We want alliances to do what they claim to do: lower prices, innovation, more choice, rather than being a cover for cartel behaviour. And it is here that the rules are not up to date regarding the possibilities of information exchange in the digital era. We recognise the need to clarify and update the text of those chapters.
The platform challenge
But it is not a simple matter of just updating rules for a ‘more digital' landscape. Nearly two in three European retailers did not have an online sales presence before Covid. At the same time, the crisis dramatically accelerated digital investments, in some cases from a timescale of years to just weeks. This has pushed many companies towards making choices that may not have been in their long-term interests: into the arms of FAMGA, in fact.
Platforms not only promise enhanced consumer choice, but also a means for traditional sellers to reach customers without needing to set up their own online operations. This creates a risk of large digital players using the crisis to impose restrictions on sellers, while at the same time hoovering up their data and pushing consumers towards their own services and offerings instead.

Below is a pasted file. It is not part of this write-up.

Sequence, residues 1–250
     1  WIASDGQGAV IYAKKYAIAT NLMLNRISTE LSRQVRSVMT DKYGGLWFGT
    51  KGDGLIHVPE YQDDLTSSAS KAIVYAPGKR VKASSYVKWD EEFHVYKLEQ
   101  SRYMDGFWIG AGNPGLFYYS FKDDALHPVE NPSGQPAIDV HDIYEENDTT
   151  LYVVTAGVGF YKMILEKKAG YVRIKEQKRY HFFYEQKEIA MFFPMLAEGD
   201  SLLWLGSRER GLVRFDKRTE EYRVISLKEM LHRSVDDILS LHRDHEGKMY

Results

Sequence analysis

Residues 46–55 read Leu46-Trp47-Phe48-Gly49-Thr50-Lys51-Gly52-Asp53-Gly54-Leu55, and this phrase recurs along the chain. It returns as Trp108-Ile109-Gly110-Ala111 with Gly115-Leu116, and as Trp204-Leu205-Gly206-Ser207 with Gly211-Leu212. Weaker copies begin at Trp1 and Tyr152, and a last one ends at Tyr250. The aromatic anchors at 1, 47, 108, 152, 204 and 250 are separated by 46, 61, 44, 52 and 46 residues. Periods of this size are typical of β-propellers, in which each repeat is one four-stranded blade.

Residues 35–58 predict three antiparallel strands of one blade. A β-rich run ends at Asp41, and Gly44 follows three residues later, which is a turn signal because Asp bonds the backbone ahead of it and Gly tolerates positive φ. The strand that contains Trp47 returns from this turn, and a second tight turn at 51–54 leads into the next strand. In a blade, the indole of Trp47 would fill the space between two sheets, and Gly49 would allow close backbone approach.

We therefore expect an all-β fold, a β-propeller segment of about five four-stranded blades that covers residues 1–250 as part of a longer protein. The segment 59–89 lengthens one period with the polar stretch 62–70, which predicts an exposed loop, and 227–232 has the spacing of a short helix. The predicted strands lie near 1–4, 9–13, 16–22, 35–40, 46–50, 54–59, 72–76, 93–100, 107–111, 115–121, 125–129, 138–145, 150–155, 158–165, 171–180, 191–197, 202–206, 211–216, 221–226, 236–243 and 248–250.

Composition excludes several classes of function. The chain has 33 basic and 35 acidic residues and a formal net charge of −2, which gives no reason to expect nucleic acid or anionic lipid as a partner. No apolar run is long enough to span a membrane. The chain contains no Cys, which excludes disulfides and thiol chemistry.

So how can digital and competition rules help brick and mortar retailers compete successfully online? Vestager said:
The first thing is, of course, to maintain a leading role when it comes to antitrust enforcement. We will do everything we can with the tools we have.
We had the suspicion that data are being used to the benefit of Amazon retail, dramatically reducing the risks of Amazon retail compared to the risk that any other trader on the platform, and to not having access to the same type of data , which are not publicly available data.
You probably know as well about our Apple investigations - one specific when it comes to the App Store - and we have a Facebook investigation.
We also now have the sector inquiry into the Internet of Things, which will bring us new insights and knowledge. We will also use intermediate measures in any cases where this would be appropriate. But the bar that we have to use is quite high, because there has to be irreparable harm or damage [from failing to act].
We don't want this to stifle competition, we don't want it to glide into cultural behaviour. If the balance is maintained, there will be a competitive drive for investment in innovation, and obviously that is very important.
Digitization has also brought about a new range of possibilities when it comes to data sharing and pooling, and we should ensure that guidance is out there, allowing stakeholders to self-assess what you're doing in order to be effective in using data.
Consumer choice is of the essence.
A reassuring, well-pitched presentation, and one that emphasises the advantage of single, integrated markets. But the key challenge facing European companies has more of a big-picture element: outside of a handful of enterprise software players, such as SAP, where are the companies to take on FAMGA in Europe - or the UK for that matter? Consumers will keep voting with their trackpads and their screens for whichever solution offers the lowest-friction, most reliable service.